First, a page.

The normal development of the pancreas during gestation has been intensively investigated over the past decade especially in the mouse (Servitja and Ferrer 2004; Chakrabarti and Mirmira 2003). Studies of genetic defects associated with maturity onset diabetes of the young (MODY) has provided direct insight into these processes as they take place in humans (Fajans et al. 2001). During embryogenesis, committed epithelial cells from the early pancreatic buds differentiate into mature endocrine and exocrine cells. It is helpful to schematize this process into four consecutive cellular stages, to begin to describe the complex interplay of signal transduction pathways and transcriptional networks. The annotations here are by no means complete - factors in addition to the ones described here must be active, and even for the ones that are described, only key examples of their regulatory effects and interactions have been annotated.
It is also important to realize that in the human, unlike the mouse, cells of the different stages can be present simultaneously in the developing pancreas and the linear representation of these developmental events shown here is an over-simplification of the actual developmental process (e.g., Sarkar et al. 2008).
The first stage of this process involves the predifferentiated epithelial cells of the two pancreatic anlagen that arise from the definitive endoderm at approximately somite stages 11-15 and undergo budding from somite stages 20-22. This period corresponds to gestational days 8.75-9.5 in the mouse, and 26 in the human.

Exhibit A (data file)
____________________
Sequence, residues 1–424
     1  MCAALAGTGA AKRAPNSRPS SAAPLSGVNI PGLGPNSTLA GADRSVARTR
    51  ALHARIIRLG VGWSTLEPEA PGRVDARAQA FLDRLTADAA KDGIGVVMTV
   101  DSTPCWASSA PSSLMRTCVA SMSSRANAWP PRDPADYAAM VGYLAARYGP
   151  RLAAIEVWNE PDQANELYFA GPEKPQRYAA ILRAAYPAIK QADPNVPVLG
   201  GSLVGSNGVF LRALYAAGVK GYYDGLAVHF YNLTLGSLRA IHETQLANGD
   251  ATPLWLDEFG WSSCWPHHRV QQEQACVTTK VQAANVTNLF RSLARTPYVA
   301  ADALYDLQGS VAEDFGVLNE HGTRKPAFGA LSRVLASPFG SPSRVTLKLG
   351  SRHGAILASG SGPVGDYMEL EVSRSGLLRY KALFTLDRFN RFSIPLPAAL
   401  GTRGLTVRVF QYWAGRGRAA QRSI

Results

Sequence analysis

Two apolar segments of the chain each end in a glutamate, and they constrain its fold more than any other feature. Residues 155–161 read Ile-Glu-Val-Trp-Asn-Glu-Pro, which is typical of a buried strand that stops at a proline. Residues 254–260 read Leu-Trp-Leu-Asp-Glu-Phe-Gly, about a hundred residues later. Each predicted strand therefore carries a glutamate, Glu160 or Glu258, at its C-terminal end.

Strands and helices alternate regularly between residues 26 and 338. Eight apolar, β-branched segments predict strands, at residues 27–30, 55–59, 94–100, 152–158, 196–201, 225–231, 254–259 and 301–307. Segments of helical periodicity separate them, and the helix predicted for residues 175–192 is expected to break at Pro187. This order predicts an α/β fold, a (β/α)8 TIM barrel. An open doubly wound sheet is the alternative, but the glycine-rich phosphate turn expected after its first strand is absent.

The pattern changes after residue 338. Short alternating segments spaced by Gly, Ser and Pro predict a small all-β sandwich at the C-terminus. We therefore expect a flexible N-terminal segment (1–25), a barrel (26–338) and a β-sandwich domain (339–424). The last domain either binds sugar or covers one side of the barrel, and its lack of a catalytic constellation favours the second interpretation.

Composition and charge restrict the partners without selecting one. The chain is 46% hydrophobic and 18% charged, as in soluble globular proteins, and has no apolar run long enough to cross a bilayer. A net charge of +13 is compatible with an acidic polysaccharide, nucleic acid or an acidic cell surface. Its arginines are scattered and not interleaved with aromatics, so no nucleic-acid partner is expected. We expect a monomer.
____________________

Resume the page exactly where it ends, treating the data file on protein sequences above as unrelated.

Pancreatic buds subsequently coalesce to form a single primitive gland, while concomitantly a ductal tree lined by highly proliferative epithelial cells is formed. A subset of such epithelial cells is thought to differentiate into either endocrine or acinar exocrine cells. A third cellular stage is defined by the endocrine-committed progenitors that selectively express the basic helix-loop-helix transcription factor NEUROG3. NEUROG3 is known to activate a complex transcriptional network that is essential for the specification of endocrine cells. Many transcription factors that are activated by NEUROG3 are also involved in islet-subtype cellular specification and in subsequent stages of differentiation of endocrine cells. This transient cellular stage thus leads to the generation of all known pancreatic endocrine cells, including insulin-producing beta-cells, and glucagon-producing alpha cells, the final stage of this schematic developmental process.
The diagram below summarizes interactions that take place between transcription factors and transcription factor target genes during these cellular stages, and shows cases where there is both functional evidence that a transcription factor is required for the target gene to be expressed, and biochemical evidence that this interaction is direct. We also describe instances where a signaling pathway is known to regulate a transcription factor gene in this process, even if the intervening signaling pathway is not fully understood.